Australian Commission Recommends Breaking Seal of Confession

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by Anita Carey  •  ChurchMilitant.com  •  August 14, 2017   

New measure would punish priests who fail to report abuse heard in the confessional

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MELBOURNE, Australia (ChurchMilitant.com) - An Australian committee is attacking the Catholic seal of confession, recommending that priests be criminally prosecuted if they fail to report crimes against minors they hear about in the confessional.

Australia's Royal Commission into Institutional Responses to Child Sexual Abuse (RC) published 85 criminal justice recommendations Monday, including the recommendation to impose criminal charges on priests who fail to report confessions of perpetrators to police.

The RC specifically recommends that "there should be no excuse, protection nor privilege in relation to religious confessions." They cite instances of perpetrators confessing abuse who went on to commit additional crimes, only to seek forgiveness in the confessional again.

Archbishop Denis J. Hart of Melbourne and president of the Australian Catholic Bishops' Conference released a statement Monday, reacting to the recommendations:

Confession in the Catholic Church is a spiritual encounter with God through the priest. It is a fundamental part of the freedom of religion, and it is recognized in the law of Australia and many other countries. It must remain so here in Australia. Outside of this, all offenses against children must be reported to the authorities, and we are absolutely committed to doing so.

The RC admits that applying "civil law on the practice of religious confession would undermine the principle of freedom of religion," but says "that right is not absolute."

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Archbishop Denis J. Hart

"The right to practice one's religious beliefs must accommodate civil society's obligation to provide for the safety of all," it claims. "Reporting information relevant to child sexual abuse to the police is critical to ensuring the safety of children."

A statement from the Truth, Justice and Healing Council, established in 2013 as a way for the Australian Church to "speak as one" to the RC, says that the Church and the council have "consistently argued that these reporting provisions should not apply to the confessional."

Francis Sullivan, CEO of the council, says that for child abusers to be forgiven, they must be prepared to "demonstrate their repentance" that would "require they turn themselves into the police."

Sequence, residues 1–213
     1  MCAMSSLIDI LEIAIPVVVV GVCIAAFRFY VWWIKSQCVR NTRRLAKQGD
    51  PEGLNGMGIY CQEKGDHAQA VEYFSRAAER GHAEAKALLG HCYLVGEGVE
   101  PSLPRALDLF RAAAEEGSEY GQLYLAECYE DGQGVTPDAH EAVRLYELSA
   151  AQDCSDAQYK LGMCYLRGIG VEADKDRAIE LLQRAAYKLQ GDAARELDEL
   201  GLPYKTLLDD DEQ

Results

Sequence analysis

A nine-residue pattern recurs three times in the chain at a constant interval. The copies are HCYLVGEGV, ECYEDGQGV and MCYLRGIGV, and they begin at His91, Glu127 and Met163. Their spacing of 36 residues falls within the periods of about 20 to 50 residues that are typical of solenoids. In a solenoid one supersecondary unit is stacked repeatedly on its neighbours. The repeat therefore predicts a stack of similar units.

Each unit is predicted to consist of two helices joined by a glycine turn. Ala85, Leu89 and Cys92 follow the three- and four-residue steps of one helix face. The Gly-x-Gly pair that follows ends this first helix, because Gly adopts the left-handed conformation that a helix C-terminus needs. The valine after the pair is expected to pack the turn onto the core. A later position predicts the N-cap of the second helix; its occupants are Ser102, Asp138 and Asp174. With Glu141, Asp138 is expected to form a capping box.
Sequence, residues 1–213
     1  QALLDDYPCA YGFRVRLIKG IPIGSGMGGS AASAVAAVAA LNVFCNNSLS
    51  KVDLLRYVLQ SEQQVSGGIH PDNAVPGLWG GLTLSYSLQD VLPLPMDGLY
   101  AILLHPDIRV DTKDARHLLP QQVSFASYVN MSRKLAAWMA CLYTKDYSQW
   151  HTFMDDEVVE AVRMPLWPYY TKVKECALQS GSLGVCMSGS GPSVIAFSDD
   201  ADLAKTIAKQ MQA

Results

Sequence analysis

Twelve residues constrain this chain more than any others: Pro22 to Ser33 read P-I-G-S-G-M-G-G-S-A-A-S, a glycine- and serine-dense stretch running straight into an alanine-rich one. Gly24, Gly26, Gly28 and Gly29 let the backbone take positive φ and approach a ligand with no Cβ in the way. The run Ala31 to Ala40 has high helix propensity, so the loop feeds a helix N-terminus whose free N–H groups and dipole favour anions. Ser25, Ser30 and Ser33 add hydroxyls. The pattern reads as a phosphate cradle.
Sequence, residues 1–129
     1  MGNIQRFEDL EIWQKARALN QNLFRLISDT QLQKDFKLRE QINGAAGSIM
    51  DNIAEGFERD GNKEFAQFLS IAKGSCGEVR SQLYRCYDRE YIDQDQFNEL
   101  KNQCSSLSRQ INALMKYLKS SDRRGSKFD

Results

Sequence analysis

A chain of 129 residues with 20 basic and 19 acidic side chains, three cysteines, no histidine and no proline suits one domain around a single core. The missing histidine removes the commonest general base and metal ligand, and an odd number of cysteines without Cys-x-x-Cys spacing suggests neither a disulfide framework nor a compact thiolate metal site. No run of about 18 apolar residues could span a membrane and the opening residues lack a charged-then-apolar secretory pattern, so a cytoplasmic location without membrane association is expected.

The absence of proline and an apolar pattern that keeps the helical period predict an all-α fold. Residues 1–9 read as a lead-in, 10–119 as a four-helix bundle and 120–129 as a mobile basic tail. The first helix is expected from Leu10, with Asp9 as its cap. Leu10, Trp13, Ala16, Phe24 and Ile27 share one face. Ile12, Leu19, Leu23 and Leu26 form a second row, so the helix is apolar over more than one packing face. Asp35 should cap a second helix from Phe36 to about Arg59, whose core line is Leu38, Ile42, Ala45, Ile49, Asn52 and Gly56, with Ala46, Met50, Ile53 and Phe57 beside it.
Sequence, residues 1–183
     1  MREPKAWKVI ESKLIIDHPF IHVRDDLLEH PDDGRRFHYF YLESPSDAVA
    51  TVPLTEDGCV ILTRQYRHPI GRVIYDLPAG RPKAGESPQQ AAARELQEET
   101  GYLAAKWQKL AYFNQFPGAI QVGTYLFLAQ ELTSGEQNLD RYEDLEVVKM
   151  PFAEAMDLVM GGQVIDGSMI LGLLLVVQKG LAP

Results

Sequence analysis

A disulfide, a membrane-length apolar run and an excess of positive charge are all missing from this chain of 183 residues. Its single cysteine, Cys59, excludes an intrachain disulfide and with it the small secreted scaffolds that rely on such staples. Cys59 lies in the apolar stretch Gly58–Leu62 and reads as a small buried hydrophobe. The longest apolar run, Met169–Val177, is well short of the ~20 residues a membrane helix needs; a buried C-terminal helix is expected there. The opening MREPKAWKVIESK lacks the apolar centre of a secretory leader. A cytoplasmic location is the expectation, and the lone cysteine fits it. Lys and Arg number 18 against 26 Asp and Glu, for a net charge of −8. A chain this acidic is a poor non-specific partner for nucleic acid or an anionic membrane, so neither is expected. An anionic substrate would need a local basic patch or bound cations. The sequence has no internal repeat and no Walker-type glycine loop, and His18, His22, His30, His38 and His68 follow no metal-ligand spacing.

While the RC does not have the power to change the laws, activists are calling this a huge victory, as similar laws were enacted in the state of Victoria based on RC's Betrayal of Trust inquiry. That law shifted the burden of proof from the victim to the organization, requiring the entity to prove what they did to protect children. This law makes it easier for victims to win lawsuits against organizations where child abuse took place.

"If ultimately there are new laws that oblige the disclosure of information heard in the confessional, priests, like everybody else, will be expected to obey the law or suffer the consequences," Sullivan remarks. "If they do not, this will be a personal, conscience decision on the part of the priest that will have to be dealt with by the authorities in accordance with the new law ... "

I have no hesitation in stating that priests will guard the sanctity of the seal of confession with their very lives.

In 2011, Abp. Hart said, "I have no hesitation in stating that priests will guard the sanctity of the seal of confession with their very lives. They would certainly undergo imprisonment rather than violate it."

Canon law states that priests would automatically excommunicate themselves if they were to violate the seal of confession. Only the pope could revoke that excommunication.

The new recommendations also include a Failure to Report Offense aimed at third parties not directly involved in the abuse. A clause is included that imposes an obligation to report the abuse when the third party knew, suspected or even should have suspected that abuse was taking place.

"We appreciate that including 'should have suspected' imposes criminal liability for a failure to report a suspicion that the person did not form," the RC states, but rationalizes the law to prosecute top managers of institutions who deny knowledge of abuse "in circumstances where their denials are very difficult to accept."

It is unclear whether these changes would have an effect on the ongoing case against Cdl. George Pell, who has been accused of historic sex offenses. Cardinal Pell has vigorously denied the charges, declaring that he will be pleading "not guilty" to the charges in a preliminary hearing in October.

 

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